All right, Mr Birmingham, where’s book 3? Final Impact is book 4! Fair warning, there are some spoilers here.
When last we saw our much-loved friends the MNF – Admiral Kolhammer, Julia Duffy, Captain Habali, Mike Judge – and their much-detested enemies – Himmler, Hitler, Yamamoto, etc – in Designated Targets, they were gearing up for a major conflict. Hitler’s desperate attempt to conquer Britain had failed. Yamamoto’s gamble to take Pearl Harbour had succeeded – amid bloodletting and atrocities that would have made more sense in a Paladin of Shadows book – and there were dozens of threads waiting to be resolved in Book 3. I cannot say that I spent a year desperately waiting for this book – only three authors get me THAT desperate – but I was looking forward to it.
I opened the book and I thought…where’s the action?
Actually, that’s not entirely fair. There is plenty of action in this book, but it’s not the action I was expecting.
Consider; at the end of DT, we were led to expect that there would be a major thrust against Pearl Harbour, spear-headed by the former JSDF ship, by the Allies. There would be a major political struggle against J. Egder Hoover (of FBI) fame. Dan and Julia would get married – and a romance was hinted at between Mike Judge and Karen Habibi. There was a team of future Russians operating within the USSR – and hints that the Russians had captured a ship from the future. We would FINALLY find out who was responsible for the racial rape-murder way back at the beginning…and the mystery of Sanction Five. And, and, and…
When Final Impact opens, all of these events have happened. Dan and Julia have not only married, but split up; Dan has gotten himself killed somewhere off-page in the two years gap between DT and FI. Pearl Harbour has been recaptured. The Japanese are FINALLY on the ropes. D-Day is underway, with a massive invasion of Europe, and the Russians are preparing to stab the Nazis in the back. It’s not a bad book, but it has a lot of small problems. I WANTED to see that battle, damn it!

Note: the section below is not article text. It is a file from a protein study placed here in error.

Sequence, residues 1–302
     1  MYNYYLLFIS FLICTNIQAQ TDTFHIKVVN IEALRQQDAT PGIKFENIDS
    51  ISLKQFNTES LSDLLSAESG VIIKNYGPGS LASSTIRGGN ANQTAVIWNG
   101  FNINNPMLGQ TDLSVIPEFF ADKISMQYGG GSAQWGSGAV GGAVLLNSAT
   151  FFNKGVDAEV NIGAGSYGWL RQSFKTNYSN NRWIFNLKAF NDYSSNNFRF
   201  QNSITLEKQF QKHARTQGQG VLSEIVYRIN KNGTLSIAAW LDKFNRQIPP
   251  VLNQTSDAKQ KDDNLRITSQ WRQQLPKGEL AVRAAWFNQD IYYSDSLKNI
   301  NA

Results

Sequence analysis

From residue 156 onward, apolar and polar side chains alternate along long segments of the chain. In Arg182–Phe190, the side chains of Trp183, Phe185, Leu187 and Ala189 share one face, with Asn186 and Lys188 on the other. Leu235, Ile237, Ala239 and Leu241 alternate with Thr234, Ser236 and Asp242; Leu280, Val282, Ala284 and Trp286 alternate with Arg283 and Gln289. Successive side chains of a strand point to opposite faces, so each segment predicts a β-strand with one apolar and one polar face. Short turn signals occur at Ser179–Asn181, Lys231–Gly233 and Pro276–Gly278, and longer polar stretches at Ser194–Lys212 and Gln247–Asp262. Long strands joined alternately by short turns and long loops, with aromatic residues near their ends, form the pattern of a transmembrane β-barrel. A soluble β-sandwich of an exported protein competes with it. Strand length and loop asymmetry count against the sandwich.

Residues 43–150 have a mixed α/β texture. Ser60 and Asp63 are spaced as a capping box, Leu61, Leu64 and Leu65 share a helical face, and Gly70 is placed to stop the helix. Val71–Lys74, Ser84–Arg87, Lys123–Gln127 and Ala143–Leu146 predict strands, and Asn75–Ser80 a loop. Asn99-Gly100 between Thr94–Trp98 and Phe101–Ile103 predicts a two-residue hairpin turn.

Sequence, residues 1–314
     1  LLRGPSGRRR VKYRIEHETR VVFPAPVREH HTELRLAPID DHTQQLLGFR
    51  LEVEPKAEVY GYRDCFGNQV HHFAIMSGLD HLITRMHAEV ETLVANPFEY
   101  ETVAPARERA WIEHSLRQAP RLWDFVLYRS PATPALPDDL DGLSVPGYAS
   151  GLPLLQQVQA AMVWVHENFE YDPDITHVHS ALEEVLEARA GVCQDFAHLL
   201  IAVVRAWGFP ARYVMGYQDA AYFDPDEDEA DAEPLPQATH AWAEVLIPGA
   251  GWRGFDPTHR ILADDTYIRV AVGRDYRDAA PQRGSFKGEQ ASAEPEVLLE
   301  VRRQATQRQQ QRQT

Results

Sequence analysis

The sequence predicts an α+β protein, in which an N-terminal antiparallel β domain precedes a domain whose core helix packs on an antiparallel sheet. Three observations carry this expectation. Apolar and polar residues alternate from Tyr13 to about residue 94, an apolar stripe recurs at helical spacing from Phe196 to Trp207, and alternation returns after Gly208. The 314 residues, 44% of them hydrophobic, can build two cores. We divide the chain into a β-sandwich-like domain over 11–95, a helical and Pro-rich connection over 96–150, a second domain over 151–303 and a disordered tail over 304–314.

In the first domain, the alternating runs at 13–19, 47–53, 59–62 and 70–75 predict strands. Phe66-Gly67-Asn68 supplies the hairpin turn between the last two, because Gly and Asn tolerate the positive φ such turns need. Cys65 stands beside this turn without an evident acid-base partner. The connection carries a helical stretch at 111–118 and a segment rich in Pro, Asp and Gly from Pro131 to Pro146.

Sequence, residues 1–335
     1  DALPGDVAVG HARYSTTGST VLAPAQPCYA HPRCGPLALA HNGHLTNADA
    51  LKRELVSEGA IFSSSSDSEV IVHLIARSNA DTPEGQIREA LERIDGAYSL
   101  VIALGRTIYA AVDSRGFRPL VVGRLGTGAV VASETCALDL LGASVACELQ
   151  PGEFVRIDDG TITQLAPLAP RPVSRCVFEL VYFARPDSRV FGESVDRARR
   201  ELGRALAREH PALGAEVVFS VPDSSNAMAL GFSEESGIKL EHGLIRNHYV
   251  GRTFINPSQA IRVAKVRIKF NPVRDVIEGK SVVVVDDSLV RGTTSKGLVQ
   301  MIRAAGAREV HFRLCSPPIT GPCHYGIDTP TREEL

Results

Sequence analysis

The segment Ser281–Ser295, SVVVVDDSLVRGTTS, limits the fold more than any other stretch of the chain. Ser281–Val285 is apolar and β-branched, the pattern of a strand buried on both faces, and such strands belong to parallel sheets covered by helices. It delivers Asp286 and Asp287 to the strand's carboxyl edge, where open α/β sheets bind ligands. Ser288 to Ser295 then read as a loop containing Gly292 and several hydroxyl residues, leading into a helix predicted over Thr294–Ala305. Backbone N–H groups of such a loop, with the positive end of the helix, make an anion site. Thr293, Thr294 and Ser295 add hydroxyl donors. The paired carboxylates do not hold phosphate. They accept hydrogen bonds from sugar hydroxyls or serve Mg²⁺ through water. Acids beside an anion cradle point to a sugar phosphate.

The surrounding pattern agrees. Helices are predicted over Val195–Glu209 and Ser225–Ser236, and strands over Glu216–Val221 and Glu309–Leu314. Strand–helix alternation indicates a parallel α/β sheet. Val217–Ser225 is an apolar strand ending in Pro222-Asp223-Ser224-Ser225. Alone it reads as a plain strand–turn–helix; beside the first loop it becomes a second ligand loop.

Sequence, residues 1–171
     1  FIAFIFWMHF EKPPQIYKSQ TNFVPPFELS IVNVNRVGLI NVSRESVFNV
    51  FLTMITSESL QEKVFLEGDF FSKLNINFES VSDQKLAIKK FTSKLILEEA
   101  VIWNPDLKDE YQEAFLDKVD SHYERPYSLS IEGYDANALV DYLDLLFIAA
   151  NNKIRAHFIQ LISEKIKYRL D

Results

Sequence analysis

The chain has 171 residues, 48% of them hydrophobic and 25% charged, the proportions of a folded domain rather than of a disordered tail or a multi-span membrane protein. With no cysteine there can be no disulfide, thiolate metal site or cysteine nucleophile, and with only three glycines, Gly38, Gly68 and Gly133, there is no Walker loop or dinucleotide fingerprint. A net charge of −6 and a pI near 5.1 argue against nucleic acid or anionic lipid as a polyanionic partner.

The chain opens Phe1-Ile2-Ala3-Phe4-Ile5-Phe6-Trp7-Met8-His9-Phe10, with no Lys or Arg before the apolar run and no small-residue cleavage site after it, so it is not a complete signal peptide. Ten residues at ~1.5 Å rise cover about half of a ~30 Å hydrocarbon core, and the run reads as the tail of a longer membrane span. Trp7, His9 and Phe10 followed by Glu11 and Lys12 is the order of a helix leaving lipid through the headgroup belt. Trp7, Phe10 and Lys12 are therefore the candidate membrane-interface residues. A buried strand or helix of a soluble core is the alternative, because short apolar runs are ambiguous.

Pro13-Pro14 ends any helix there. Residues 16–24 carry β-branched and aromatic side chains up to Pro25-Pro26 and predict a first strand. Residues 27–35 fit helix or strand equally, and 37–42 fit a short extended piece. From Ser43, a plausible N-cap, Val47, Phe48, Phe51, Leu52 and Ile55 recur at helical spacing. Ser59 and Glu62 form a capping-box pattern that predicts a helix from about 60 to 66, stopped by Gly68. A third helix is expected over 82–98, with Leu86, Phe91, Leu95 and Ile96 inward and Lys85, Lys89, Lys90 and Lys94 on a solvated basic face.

Ok, I have written a trilogy myself – Second Chance – around a basically similar event, and I do understand some of the problems. In 1942, the US had very little that could actually be deployed; the fantasies of citizen soldiers notwithstanding, men with guns and without training are not good soldiers. In 1944, particularly with future help, the US is almost drowning in war production and it becomes a battle of economies. There has to be something between those two periods, and I understand – without approving – the reason for jumping forward. DT no longer works as a book because FI does not conclude the trilogy. We need a Book 2.5.
(I also have a small case of sour grapes as some items here remind me far too much of Second Chance, although there are only limited solutions to the problem.)
In most cases, Birmingham does a fair job of touching on the effects of the ISOT. The treatment of Russia, however, borders on sheer mil-wank fantasy. It is VERY difficult, if not impossible, for the Russians to do as much as Birmingham suggests, the presence of the captured ship – which the MNF seems to let them get away with – notwithstanding. Consider, as Dale Cozort points out, the Soviets were actually VERY dependent upon western aid; just because the shipment of arms and ammunition was not critically important does not mean that the aid was unhelpful.